I looked for a person to help me, but no one came to my rescue.  I followed the sign for "Baby Registry," which was in the far right corner of the store, and there I saw a machine which housed the registry listings. Whew...things were moving along after all.  I planned to quickly print out a list...and I told myself it I can finish up in the next 15 minutes, I can reward my hard work and have a delicious juice from Rastelli's Market on the way home.

About 45 minutes later, I was still obsessing over the 3 versions of the lists (by alphabetical order, price, and aisle), which had about 10 items per page and were about 10 pages long. I soon felt defeated, sadly realizing as well that I had been there for so long that I probably missed my opportunity to stop for the juice I had been looking forward to.

I also found myself daydreaming, not about sitting at the beach but about shopping online in the comfort of my home, like you-know-who would've done!   It would've been so much more relaxing to browse while seated at my desk, maybe take in a snack or two, feel the spring breeze on my face...was my gift going to be that much better for walking through the doors of Babies"R"Us?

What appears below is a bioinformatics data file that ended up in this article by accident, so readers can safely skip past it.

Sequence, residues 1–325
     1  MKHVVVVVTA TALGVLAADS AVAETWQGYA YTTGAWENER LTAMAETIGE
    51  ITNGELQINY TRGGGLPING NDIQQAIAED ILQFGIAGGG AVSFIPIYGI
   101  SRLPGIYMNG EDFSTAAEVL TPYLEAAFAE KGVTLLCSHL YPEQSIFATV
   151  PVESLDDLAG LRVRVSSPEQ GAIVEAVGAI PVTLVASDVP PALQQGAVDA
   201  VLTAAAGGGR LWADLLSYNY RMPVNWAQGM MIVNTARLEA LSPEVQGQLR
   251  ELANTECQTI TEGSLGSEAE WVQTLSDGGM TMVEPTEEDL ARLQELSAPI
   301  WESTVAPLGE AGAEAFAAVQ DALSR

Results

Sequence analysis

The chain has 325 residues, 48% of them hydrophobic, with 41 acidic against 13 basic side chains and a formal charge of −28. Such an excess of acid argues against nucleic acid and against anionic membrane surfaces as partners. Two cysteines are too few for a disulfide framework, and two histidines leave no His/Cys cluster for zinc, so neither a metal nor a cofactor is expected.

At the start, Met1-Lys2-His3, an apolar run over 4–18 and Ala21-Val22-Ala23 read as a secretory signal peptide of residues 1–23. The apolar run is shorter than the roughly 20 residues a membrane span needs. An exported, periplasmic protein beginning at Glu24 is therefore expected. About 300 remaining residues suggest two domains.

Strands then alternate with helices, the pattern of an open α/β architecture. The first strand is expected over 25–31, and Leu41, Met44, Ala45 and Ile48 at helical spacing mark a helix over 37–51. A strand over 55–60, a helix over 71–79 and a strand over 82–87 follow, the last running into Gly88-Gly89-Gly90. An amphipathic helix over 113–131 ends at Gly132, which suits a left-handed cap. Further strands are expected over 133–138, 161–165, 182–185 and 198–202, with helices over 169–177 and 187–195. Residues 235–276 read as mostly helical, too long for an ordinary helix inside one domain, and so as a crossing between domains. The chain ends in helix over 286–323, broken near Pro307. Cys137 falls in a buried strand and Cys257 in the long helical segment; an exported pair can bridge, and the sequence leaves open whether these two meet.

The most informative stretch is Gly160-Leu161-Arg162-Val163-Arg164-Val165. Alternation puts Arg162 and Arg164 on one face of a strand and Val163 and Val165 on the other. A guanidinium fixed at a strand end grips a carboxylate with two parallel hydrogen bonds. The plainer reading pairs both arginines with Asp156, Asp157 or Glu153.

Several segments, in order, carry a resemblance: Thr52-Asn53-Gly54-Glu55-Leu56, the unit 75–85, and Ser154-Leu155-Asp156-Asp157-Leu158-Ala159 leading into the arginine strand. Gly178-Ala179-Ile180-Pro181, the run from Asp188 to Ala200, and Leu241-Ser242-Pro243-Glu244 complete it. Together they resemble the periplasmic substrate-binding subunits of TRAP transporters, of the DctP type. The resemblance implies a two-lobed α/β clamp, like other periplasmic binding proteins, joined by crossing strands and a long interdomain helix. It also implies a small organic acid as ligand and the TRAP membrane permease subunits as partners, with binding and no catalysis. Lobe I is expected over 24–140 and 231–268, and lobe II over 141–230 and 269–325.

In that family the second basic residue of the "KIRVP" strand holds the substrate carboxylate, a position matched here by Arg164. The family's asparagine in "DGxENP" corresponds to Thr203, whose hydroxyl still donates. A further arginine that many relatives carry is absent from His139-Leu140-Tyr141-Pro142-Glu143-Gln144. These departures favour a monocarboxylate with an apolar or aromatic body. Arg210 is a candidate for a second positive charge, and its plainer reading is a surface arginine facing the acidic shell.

After all that, what did I end up buying, you wonder? 


I decided on a gift card so the new parents could agonize over their choices as I was done with that; I picked out a couple books, threw in a Phillies outfit, and I was ready to roll.   
As I looked at all the presents at the shower, I wondered how many people made their decisions scrolling through the list online or strolling through the store.  It didn't really matter.  The happy couple seemed thrilled with every gift.

Either way, I wonder what I'll do the next time around.  

My guess?  The same thing I did this time, daydreams and all.

And I have no doubt that David will remind me that sometimes, it's not all that bad to be like him.